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After Harassment Charge (Texas)

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  • After Harassment Charge (Texas)

    I recently filed a harassment charge against my boss for cursing at me and yelling slander. When I brought verbal harassment charges against her, our VP of HR was required to meet with us both seperately to understand the situation from both sides. I was first to be spoken to. The conversation didn't begin the way I guess I had expected. I felt like I was being lead to answer certain questions and I kept being told that in my particular situation, my boss probably felt that she couldn't go to her supervisor, not that her actions were acceptable, but that because I was working for the company I put her in a frustrating situation. I should probably mention that when I go this job a year ago, I was hired temporarily as an assistant for the person directly below my father. It was my understanding that if there were situation similar to mine that she should then go to HR and discuss the issue but I could be wrong.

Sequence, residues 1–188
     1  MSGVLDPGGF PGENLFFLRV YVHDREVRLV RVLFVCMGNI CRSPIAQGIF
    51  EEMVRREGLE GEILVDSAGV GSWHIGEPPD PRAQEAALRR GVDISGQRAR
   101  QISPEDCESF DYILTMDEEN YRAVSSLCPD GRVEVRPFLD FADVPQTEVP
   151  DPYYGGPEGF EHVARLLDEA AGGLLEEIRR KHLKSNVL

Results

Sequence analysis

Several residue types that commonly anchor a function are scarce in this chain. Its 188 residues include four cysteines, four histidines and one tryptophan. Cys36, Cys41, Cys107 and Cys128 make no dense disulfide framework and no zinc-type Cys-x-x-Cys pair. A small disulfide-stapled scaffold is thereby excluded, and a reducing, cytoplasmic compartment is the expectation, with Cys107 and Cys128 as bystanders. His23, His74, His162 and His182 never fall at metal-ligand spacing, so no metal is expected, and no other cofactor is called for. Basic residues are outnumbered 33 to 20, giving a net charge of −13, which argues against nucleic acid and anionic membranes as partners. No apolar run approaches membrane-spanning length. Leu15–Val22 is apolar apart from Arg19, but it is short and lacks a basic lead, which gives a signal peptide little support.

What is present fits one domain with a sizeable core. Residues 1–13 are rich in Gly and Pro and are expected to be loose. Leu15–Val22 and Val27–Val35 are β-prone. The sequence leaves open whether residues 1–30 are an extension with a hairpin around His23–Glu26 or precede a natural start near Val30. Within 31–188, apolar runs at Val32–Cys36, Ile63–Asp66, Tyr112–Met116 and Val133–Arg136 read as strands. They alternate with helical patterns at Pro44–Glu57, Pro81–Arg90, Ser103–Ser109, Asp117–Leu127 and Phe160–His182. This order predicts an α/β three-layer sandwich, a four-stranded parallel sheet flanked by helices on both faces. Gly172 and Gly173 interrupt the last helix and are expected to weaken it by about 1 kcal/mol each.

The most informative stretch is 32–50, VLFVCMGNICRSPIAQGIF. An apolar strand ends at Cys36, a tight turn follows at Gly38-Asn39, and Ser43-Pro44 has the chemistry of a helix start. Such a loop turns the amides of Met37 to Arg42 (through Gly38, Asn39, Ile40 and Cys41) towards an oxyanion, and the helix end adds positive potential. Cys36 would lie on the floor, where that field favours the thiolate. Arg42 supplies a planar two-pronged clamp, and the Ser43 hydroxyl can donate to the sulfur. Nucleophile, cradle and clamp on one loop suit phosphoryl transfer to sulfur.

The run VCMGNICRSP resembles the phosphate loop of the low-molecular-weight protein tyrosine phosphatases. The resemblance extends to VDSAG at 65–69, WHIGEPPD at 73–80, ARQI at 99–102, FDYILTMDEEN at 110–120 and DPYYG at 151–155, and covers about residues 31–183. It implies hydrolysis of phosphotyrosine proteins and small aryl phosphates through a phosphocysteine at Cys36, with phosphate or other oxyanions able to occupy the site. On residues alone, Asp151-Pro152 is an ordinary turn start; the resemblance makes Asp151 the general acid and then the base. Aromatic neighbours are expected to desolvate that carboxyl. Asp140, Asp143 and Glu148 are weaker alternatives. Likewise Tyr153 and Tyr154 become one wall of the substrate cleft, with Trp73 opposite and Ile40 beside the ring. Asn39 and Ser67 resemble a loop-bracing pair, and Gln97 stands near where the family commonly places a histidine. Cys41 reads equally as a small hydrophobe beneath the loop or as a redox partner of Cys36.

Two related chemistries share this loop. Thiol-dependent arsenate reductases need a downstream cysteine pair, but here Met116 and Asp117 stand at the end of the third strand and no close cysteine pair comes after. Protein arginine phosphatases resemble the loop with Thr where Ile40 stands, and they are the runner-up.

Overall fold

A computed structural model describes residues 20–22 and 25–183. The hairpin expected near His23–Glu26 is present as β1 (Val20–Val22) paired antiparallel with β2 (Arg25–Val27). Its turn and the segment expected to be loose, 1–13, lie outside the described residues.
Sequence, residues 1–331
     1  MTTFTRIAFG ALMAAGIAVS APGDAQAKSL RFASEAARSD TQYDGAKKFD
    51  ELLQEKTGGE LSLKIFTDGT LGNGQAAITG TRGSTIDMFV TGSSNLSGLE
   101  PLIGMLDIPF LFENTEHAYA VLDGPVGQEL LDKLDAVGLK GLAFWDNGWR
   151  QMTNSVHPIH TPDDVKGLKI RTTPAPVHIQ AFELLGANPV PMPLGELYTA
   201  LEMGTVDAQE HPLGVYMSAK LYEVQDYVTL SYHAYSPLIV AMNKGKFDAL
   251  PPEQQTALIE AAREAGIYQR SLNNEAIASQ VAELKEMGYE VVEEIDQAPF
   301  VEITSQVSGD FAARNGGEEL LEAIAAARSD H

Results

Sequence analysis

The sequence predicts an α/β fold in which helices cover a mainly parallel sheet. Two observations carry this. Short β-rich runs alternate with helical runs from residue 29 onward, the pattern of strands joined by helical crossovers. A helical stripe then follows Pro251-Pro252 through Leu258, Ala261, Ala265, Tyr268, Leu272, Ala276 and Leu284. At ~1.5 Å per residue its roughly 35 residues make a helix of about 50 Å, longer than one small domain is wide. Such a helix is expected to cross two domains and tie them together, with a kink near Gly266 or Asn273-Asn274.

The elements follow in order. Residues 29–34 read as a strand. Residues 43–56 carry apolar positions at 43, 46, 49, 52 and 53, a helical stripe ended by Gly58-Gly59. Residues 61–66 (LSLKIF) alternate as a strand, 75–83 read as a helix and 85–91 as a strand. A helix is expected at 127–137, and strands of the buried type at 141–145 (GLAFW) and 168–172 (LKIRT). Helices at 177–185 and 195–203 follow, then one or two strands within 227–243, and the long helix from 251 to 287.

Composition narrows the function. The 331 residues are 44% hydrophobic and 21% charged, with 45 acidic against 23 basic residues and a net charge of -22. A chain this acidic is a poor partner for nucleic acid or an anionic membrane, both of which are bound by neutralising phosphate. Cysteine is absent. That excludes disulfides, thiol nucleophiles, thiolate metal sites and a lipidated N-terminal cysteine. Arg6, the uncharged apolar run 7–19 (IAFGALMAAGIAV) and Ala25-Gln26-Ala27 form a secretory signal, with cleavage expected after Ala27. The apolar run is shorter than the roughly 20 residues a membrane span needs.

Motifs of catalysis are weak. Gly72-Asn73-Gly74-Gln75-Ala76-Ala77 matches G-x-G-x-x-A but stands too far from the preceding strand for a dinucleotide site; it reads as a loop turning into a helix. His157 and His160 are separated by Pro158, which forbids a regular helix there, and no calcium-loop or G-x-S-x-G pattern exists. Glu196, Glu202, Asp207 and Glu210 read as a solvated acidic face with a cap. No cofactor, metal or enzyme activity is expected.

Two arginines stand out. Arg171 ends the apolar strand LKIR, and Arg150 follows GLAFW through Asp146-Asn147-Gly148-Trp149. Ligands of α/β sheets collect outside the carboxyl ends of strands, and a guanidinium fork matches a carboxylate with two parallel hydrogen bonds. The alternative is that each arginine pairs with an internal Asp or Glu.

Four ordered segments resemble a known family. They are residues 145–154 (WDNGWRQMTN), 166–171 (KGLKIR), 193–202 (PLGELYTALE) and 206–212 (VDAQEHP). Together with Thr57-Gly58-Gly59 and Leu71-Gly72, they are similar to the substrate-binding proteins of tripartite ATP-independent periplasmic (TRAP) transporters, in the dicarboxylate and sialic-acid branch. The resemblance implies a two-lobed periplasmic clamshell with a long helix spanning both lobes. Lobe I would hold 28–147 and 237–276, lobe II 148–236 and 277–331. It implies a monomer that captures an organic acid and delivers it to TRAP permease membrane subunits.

I was just informed by my father, who is the manager, that the new owners (in the time I had been employed I was going to get on full time but we were being bought out and so I was religated to wait) felt that they must do what was right for the company, and as my boss had been with the company for 4 year to my 1, and the clients knew her better, they were not firing me but as soon as I found another job I could go. Is it legal for them to ask me to leave after I have pressed harassment charges? Can they (the company) side with the person the complaint was filed against or should I be talking to a lawyer? I have been directed that a month should sufice, but I would appreciate any advice on this. Thanks.

  • #2
    Cursing at you is unprofessional but not illegal; what you describe does not meet the definition of slander. Since no laws were violated, your employer had no legal obligation to take any action at all. (I'm not saying they shouldn't; I'm saying they were not obligated to.) Even if laws WERE violated, they were not obligated to take the action you want them to take.

    Since the actions you complained of were not illegal, it IS legal for them ask you to leave. Of course they can side with the other person; where ever did you get the idea that the law obligated them to side with you? They are free to believe whomever wish.

    I'm not saying they handled this in the best possible way but they did not violate any laws.
    The above answer, whatever it is, assumes that no legally binding and enforceable contract or CBA says otherwise. If it does, then the terms of the contract or CBA apply.

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    • #3